The Ritualization of Consumer Capitalism: Catherine Bell's Ritual Theory, Ritual Practice in the Age of Starbucks
Issue: Vol 18 No. 1 (2015)
Journal: Implicit Religion
Subject Areas: Religious Studies
According to Max Weber, within the differentiated order of modernity, instrumental reason (Zweckrationalität) came to dominate economic life (as well as law, science and architecture). Weber juxtaposed instrumental reason against religious, traditional and affective life. However, the history of consumption, past and present, challenges these distinctions. A major feature of neoliberalism is the increasingly explicit and self reflexive ritualization of consumption, such that paradigms of ritual and consumption appear to cohere. The primary focus of this article does not lie in the mechanics of consumer rituals themselves, as an empirical matter, but, instead, in the conceptual entailments that exist between contemporary discourses of ritual and branding. Taking Starbucks as a case study, the article notes some key similarities between Catherine Bell’s discussion of ritualization and contemporary branding theory and practice, suggesting the possibility that religious studies and marketing share a similar epistemic context which also implies that our own intellectual labors as scholars of religion are enmeshed in the logic and doings of capital. A method for materializing religious studies within contemporary late capitalist conditions, which is deemed urgent, is therefore also proposed.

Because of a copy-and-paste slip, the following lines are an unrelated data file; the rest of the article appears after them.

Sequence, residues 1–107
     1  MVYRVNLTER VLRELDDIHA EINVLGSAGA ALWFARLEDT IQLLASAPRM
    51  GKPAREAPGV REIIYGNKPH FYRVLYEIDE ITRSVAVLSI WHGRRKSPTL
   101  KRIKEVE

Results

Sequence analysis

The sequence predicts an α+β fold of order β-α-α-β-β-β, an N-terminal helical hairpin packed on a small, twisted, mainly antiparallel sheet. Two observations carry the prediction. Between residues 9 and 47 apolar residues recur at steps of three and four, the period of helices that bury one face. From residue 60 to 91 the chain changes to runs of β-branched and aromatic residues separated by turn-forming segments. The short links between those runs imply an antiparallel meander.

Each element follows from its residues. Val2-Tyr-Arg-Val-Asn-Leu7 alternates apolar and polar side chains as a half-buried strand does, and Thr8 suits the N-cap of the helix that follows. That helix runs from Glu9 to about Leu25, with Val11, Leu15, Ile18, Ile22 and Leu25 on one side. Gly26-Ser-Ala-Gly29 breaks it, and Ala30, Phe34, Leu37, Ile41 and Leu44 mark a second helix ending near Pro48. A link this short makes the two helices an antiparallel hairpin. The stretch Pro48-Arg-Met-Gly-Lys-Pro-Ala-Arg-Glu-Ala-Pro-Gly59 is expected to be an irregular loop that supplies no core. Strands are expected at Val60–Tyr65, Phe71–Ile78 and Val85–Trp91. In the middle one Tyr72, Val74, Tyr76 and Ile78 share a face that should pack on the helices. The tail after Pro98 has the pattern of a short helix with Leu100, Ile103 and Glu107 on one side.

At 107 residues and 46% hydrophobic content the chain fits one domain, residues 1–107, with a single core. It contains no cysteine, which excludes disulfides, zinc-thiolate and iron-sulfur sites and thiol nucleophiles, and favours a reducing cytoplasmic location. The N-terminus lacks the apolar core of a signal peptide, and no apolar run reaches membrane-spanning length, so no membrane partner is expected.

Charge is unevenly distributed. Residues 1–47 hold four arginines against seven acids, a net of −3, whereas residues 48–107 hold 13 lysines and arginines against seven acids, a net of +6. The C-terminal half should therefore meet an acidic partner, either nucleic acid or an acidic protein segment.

Author: George Gonzalez
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